Tell Them Not to Kill Me!

by Juan Rulfo

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Last Updated September 5, 2023.

Juvencio Nava

Juvencio is the sixty-year-old protagonist of the story, who must face a firing squad for a murder committed thirty-five years before. Despite the heinous nature of his crime, the elderly man begs for his life and, in his pleas for mercy, flashes back to the crime itself. As a youth, he owned a herd of cattle he struggled to feed during a drought. As a result, he regularly stole from his neighbor, Don Lupe, and allowed his cattle to graze on Don Lupe’s pasture, despite his neighbor’s express disapproval. 

Even then, Juvencio was a dishonest, lazy man who expected the world to bend to his desires. He murders his neighbor for refusing to allow him to use his land but avoids punishment for his crimes. Later, he acts surprised and almost offended when the judge does not accept his bribes, forcing him to abandon his life in Alima and live in hiding. Juvencio is an incredibly entitled man who feels little guilt or remorse for his actions. In his last moments, he does not mourn his decisions; instead, he blames others for his circumstances and curses their lack of mercy. Juvencio was not a good man, and, in the end, he received his well-deserved punishment, the final act in a life lived in fear of capture and death.

Justino Nava

Juvencio’s son, Justino, is reluctant to help his condemned father, for he worries about the implications of helping a murderer. He appears rather apathetic to his father’s plight and only seems concerned about his own family. At the end of the story, Justino returns to retrieve his father’s corpse, which he rather disrespectfully lugs over his donkey’s back, covers with a burlap sack, and then insults. The relationship between Juvencio and his son is more than strained; in his moment of need, his son is neither sympathetic nor helpful.

Guadalupe Terreros 

Thirty-five years ago, Guadalupe Terreros, or, as he is more often known, Don Lupe, was Juvencio's neighbor. A married man with two young children, Don Lupe owned a pasture that Juvencio wished to use. When Don Lupe rejected his neighbor's aggressive demands on his property, he incited a conflict that ended in his death. Before this conflict, Don Lupe seemed to be friends with his neighbor, but their relationship soon decayed. Guadalupe Terreros suffers a grisly end, as he is hacked with a machete and stabbed with an ox goad. He lives on in agony for two days and, when he is finally found, begs that "his family be cared for." Unfortunately, his widowed wife dies shortly after, and his children are forced to move far away to live with family. Although Rulfo does not provide many details about who Don Lupe was and what he was like, his story is tragic and readers feel vindicated when he receives justice, even thirty-five years on.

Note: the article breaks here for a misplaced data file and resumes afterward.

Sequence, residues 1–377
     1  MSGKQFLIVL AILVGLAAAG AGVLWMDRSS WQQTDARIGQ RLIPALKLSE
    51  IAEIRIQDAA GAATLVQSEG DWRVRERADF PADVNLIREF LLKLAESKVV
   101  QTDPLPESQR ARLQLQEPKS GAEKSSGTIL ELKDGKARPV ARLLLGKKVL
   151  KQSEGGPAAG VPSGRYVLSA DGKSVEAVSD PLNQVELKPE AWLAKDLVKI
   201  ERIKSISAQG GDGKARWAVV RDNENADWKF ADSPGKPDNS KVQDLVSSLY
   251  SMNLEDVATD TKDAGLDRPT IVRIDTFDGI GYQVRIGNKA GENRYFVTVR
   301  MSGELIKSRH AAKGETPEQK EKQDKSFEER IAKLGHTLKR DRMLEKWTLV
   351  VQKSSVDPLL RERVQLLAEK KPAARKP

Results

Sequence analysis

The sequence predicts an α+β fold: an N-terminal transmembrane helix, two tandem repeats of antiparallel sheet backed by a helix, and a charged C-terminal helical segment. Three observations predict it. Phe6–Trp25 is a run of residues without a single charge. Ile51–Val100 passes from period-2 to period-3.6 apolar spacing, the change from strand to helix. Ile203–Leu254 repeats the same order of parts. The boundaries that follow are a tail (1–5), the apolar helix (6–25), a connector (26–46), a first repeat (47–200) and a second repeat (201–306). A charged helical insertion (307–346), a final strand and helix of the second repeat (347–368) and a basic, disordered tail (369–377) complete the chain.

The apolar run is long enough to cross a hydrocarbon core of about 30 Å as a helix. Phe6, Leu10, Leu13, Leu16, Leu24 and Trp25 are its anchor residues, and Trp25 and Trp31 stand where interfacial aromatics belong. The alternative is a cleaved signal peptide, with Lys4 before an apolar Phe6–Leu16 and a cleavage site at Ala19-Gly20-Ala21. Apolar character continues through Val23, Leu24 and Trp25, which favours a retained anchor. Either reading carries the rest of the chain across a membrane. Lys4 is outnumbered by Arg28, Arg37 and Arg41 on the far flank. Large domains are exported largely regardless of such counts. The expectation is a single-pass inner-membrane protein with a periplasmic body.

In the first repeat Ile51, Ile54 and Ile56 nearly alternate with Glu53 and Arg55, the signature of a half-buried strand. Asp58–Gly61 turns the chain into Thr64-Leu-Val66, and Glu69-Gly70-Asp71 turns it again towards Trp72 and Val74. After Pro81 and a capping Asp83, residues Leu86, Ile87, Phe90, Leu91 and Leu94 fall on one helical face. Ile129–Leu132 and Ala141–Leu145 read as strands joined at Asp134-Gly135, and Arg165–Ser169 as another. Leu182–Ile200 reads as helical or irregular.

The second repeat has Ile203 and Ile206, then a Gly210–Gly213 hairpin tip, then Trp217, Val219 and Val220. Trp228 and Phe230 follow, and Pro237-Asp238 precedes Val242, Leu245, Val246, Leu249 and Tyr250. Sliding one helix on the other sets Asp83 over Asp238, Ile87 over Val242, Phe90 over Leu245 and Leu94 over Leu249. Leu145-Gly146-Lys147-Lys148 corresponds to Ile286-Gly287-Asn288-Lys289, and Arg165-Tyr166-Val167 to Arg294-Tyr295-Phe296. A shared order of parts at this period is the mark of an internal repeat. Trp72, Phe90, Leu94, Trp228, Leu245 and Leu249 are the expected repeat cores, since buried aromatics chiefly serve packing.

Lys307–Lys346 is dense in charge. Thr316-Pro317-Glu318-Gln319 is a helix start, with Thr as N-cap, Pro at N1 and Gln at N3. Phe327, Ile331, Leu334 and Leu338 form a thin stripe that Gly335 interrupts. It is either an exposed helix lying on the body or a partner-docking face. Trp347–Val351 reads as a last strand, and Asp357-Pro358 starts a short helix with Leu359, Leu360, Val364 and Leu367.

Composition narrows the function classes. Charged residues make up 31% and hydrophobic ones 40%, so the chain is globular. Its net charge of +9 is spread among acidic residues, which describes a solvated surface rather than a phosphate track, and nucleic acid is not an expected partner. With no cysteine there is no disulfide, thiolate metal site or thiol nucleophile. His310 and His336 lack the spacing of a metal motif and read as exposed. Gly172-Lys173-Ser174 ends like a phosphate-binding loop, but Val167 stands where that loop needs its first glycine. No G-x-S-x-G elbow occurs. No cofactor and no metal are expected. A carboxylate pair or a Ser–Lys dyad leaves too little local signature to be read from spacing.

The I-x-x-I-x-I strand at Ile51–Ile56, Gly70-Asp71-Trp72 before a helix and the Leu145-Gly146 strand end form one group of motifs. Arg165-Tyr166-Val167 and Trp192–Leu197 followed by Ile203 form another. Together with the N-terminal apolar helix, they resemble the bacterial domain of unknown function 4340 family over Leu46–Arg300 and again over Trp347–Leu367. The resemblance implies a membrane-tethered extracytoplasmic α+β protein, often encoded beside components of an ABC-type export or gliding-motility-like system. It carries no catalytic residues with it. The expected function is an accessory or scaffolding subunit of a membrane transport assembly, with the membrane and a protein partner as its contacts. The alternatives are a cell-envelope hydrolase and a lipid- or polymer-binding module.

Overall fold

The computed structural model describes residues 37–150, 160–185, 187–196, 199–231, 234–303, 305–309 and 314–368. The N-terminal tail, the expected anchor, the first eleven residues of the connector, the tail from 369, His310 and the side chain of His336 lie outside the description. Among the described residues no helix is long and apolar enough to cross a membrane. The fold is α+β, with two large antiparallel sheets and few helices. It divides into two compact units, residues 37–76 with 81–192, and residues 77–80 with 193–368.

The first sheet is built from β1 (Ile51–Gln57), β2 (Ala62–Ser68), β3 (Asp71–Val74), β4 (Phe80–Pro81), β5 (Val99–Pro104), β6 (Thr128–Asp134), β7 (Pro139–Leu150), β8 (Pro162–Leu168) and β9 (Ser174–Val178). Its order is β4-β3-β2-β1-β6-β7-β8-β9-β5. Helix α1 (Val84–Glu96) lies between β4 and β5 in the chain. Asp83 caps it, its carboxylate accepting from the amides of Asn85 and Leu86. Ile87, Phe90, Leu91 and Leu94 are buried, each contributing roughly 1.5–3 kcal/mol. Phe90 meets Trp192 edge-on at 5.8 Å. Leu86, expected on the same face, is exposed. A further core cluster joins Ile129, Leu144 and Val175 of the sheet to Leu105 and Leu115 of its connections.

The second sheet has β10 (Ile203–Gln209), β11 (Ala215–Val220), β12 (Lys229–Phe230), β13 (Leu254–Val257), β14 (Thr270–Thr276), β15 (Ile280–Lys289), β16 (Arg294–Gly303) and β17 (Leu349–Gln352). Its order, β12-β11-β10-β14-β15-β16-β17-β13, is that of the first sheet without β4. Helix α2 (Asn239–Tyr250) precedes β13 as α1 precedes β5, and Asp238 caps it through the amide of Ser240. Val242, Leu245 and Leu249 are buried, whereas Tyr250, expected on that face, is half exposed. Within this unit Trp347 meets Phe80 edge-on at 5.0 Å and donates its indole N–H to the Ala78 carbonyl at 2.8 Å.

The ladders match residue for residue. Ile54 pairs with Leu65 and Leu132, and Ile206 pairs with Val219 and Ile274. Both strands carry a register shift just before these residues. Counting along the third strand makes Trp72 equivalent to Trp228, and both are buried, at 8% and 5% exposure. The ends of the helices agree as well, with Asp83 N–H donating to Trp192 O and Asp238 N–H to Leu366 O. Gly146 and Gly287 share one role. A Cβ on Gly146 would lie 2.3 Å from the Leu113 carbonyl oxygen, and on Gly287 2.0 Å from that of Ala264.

The Colonel

The name of Don Lupe's son is never revealed; however, he is referred to as “the colonel” throughout the story. His identity is only revealed at the end of the story, and his ruthless desire for revenge clarifies. More than the focus on justice expected of a law enforcement official, his yearning to bring Juvencio to justice is inspired by a personal tie to the crime. The man killed the colonel’s father, leaving him writhing in terrible agony. After that, his mother died, and he was forced to move, still grieving the loss of both parents, to live with distant relatives. Juvencio, pleading before him, was the cause of this pain and heartbreak. The colonel refuses to adjust his sentence, as he explains: 

I can't forgive his still living. He should never have been born.

It is a desire for vengeance that brings him back to Palo de Venado to oversee the execution of Juvencio Nava by firing squad.

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